Three studies question the role of blood transfusions for cardiological and gastroenterological conditions, or at least question the thresholds for the procedure.
First, a meta-analysis in Archives of Internal Medicine concluded that blood transfusion or a liberal blood transfusion strategy for myocardial infarction is associated with higher all-cause mortality rates compared with no blood transfusion or a restricted blood transfusion strategy.
Ten studies published between January 1966 and March 2012 revealed the association (18.2% vs. 10.2%; risk ratio [RR], 2.91; 95% confidence interval [CI], 2.46-3.44; P<.001, with a weighted absolute risk increase of 12% and a number needed to harm of 8 (95% CI, 6-17).
Blood transfusion was associated with a higher risk for mortality independent of baseline hemoglobin level, nadir hemoglobin level, and change in hemoglobin level during the hospital stay. It was also significantly associated with a higher risk for subsequent myocardial infarction (RR, 2.04; 95% CI, 1.06-3.93; P=.03).
A journal editor noted, "[U]ntil high-quality randomized trials are performed to test the efficacy of transfusions in the setting of acute myocardial infarction, physicians should transfuse patients only when there is sufficient clinical reason, supported by evidence. Merely having a hematocrit below 27% or 30% should not be sufficient to justify transfusion. In this case, it seems likely that less transfusing may be associated with better outcomes."
Another commentary said, "Do blood transfusions kill more patients with an acute myocardial infarction than anemia? Chatterjee and colleagues would have you believe that they do. We remain unconvinced."
A second study found an association between red blood cell transfusion following nonvariceal upper gastrointestinal bleeding (NVUGIB) and subsequent rebleeding.
Researchers conducted an observational study of a Canadian registry of nearly 1,700 patients with NVUGIB. In the study, 53.7% received transfusions (2.9 +/- 1.6 units of blood), 31.6% had hemodynamic instability, 5.1% fresh blood on rectal examination and 8.6% in the nasogastric tube.
Overall rebleeding and mortality rates were 17.9% and 5.4%, respectively. Red blood cell transfusion within 24 hours of presentation was significantly and independently associated with an increased risk of rebleeding (odds ratio [OR], 1.8; 95% CI; 1.2 to 2.8), but not death (OR, 1.0; 95% CI; 0.6 to 1.8).
Finally, a blood transfusion threshold of 7 g/dL of hemoglobin significantly improved outcomes in patients with acute upper gastrointestinal bleeding compared to 9 g/dL, a study found.
Researchers randomly assigned 444 patients with severe acute upper gastrointestinal bleeding to a restrictive transfusion strategy (transfusion when hemoglobin fell below 7 g/dL with a target range post-transfusion of 7 to 9 g/dL) and 445 patients to a liberal strategy (transfusion when hemoglobin fell below 9 g/dL with a target range post-transfusion of 9 to 11 g/dL). Safety and efficacy of both strategies were compared.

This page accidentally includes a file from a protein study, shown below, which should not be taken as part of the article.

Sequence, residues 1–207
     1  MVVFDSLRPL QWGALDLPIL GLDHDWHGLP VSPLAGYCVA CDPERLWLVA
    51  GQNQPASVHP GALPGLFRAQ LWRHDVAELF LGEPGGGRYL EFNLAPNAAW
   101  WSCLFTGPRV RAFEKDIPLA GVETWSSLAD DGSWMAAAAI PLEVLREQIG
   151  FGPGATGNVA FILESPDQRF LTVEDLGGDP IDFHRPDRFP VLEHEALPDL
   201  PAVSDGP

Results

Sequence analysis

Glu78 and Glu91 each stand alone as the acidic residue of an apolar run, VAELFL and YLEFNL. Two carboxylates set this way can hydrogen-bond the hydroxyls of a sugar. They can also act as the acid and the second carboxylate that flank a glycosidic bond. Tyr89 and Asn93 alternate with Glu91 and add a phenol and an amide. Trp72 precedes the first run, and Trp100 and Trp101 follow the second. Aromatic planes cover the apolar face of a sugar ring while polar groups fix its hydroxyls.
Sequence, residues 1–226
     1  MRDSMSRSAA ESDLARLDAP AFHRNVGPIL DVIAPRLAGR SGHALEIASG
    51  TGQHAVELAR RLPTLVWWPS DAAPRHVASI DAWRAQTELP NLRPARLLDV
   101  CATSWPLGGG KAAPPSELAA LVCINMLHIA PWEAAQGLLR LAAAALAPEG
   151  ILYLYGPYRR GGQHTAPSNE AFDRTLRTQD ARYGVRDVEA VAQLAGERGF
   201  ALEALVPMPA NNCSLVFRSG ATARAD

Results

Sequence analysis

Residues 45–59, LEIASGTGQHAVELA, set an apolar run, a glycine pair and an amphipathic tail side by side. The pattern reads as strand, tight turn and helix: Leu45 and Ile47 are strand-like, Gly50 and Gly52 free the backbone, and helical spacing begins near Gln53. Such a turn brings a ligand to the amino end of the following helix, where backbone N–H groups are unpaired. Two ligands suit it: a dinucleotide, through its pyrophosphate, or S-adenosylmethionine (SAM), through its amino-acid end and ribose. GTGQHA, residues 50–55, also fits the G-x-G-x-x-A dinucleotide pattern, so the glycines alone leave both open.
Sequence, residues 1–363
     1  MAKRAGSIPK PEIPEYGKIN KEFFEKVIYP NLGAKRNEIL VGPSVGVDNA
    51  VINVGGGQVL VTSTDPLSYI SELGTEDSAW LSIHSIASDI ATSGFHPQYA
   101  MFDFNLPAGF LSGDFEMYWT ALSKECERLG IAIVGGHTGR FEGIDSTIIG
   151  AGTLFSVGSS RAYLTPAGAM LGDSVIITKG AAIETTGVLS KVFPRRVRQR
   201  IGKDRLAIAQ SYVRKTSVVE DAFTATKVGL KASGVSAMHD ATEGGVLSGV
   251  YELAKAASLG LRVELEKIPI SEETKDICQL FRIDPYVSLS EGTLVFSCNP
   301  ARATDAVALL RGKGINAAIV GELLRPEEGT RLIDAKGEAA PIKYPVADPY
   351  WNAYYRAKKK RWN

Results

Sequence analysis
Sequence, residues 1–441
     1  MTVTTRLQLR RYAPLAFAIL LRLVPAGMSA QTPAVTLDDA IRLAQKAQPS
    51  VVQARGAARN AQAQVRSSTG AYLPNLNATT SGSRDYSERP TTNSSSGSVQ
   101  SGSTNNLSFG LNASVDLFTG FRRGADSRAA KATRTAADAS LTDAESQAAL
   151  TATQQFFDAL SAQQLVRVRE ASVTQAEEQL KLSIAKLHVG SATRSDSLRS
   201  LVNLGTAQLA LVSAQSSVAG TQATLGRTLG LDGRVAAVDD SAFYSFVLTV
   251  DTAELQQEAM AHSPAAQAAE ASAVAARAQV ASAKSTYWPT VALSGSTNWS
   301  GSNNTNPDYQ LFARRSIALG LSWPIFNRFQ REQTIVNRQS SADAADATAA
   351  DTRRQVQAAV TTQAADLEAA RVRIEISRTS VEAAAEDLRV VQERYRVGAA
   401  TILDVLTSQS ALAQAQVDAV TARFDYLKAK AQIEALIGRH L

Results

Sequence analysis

A total of 225 patients assigned to the restrictive strategy did not receive transfusions compared with 65 assigned to the liberal strategy (51% vs. 15%; P less than 0.001). The restrictive-strategy group had a higher survival rate at six weeks compared to the liberal-strategy group (95% vs. 91%; hazard ratio [HR] for death with restrictive strategy, 0.55; 95% CI, 0.33 to 0.92; P=0.02).
Deaths attributed to unsuccessfully controlled bleeding occurred in three patients in the restrictive-strategy group and in 14 patients in the liberal-strategy group (0.7% vs. 3.1%; P=0.01). Complications of treatment were the cause of death in one patient in the restrictive-strategy group and two in the liberal-strategy group. Hemorrhage was controlled and death was due to associated diseases in 19 patients in the restrictive-strategy group and 25 in the liberal-strategy group.
Less bleeding occurred in the restrictive-strategy group compared with the liberal-strategy group (10% vs. 16%; P=0.01), and there were fewer adverse events (40% vs. 48%; P=0.02). Further bleeding was significantly lower with the restrictive strategy group after adjustment for baseline risk factors (HR, 0.68; 95% CI, 0.47 to 0.98). Length of hospital stay was shorter in the restrictive-strategy group than in the liberal-strategy group.
Researchers noted that improvement in survival rates observed with the restrictive transfusion strategy "was probably related to a better control of factors contributing to death, such as further bleeding, the need for rescue therapy, and serious adverse events. All these factors were significantly reduced with the restrictive strategy."